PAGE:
In the aftermath of the horrific white nationalist gathering in Charlottesville, I’ve heard and read some very pointed (and on point) feedback about the well-meaning platitudes that follow such events. Being who I am and doing what I do, I’m trying to absorb this feedback and learn from it, especially concerning how the children’s book community and others who influence kids can do better.
One hard truth we have to face is that, as much as we want to think that “this is not us,” that this is not who our country is, we aren’t going to change anything until we all accept that racism is alive and well and confront it head on. When it comes to what we teach our kids, maybe messages in books and songs and classrooms about how we’re all the same just aren’t enough. We, as a country, aren’t going to just “age out” of racism. I’ve been guilty of that assumption myself, noticing how white parents today are much less resistant to (even actively looking for) books featuring non-white characters compared to what I saw when I opened my bookstore 12 years ago. Yeah, it’s maybe getting better in my tiny little privileged corner of the universe. But out there in big wide world, not much has changed. As someone pointed out today, a lot of the neo-Nazis in that Charlottesville mob looked pretty young.
Working with publishers large and small is a huge part of what we do, but when you enter our store, the focus is generally on the books themselves or the authors and illustrators who created them. That’s how it should be. But publishers have their own voices too, especially independent presses whose carefully curated lists often reflect very personal, specific points of view. I think highlighting their voices can add something important to the conversation our store builds around books. I wrote a few months ago about an instore section I developed with Enchanted Lion Books, and we recently worked with Lee & Low Books to spotlight the robust catalog of titles they have built through 25 years of publishing stories “about everyone and for everyone.”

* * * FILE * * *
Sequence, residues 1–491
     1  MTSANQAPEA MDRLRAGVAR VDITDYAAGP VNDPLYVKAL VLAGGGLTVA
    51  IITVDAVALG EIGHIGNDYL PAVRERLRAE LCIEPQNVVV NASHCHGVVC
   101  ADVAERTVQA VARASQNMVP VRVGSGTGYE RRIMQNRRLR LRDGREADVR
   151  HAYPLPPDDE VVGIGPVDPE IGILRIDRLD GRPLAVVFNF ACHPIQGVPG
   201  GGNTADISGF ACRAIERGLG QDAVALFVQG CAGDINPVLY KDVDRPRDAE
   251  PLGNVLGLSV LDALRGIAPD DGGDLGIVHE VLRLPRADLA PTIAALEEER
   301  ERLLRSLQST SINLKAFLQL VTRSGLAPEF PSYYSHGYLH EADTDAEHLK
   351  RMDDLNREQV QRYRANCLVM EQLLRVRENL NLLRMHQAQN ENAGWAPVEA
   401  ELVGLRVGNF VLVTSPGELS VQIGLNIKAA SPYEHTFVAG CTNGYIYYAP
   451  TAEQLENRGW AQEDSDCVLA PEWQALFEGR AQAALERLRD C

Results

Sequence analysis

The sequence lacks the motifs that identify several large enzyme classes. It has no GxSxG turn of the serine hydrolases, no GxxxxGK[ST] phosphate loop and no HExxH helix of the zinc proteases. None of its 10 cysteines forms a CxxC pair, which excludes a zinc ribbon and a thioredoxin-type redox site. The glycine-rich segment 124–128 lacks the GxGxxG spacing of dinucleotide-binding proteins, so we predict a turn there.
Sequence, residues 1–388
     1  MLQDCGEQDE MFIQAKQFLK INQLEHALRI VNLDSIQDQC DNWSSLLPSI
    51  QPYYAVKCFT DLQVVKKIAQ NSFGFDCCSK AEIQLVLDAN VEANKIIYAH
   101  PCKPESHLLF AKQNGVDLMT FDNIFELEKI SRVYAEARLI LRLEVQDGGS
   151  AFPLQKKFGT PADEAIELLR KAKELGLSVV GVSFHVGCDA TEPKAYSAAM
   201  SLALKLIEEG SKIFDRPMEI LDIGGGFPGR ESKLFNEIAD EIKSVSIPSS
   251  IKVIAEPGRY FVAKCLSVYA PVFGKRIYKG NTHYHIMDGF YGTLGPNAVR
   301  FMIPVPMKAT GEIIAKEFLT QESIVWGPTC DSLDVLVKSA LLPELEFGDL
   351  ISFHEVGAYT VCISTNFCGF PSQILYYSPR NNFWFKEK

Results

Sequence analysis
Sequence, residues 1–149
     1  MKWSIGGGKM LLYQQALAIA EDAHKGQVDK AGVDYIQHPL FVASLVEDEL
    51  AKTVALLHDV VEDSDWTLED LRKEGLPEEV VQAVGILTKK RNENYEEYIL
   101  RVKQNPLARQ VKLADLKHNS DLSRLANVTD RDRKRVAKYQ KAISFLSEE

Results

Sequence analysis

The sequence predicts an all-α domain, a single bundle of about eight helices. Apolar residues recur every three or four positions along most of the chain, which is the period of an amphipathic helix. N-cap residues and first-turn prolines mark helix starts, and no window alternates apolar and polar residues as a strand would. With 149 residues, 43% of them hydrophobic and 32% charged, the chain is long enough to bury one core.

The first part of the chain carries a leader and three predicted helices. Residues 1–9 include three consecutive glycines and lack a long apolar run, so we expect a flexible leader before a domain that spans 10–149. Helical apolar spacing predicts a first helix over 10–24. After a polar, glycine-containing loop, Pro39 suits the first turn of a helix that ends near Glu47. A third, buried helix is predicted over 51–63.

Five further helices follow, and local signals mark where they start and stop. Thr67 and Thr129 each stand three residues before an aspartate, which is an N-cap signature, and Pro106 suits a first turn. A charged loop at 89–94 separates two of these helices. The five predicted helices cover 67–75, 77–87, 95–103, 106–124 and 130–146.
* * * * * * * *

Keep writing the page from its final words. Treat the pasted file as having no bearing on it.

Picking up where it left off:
A great book can sometimes end just like a great vacation does, by making it hard to transition back to even a pleasant norm. This can be a problem for people who read copiously for a living. We have dietary restrictions. The conveyor belt of frontlist titles does not grow less insistent when a jam occurs. Re-reading cannot be more than an occasional indulgence. It’s a safety issue. And yet sometimes a book throws us so that in turning to the next book in our queue we taste nothing but ashes in our mouth. To head off into a different world is suddenly unpalatable. We are cast off course.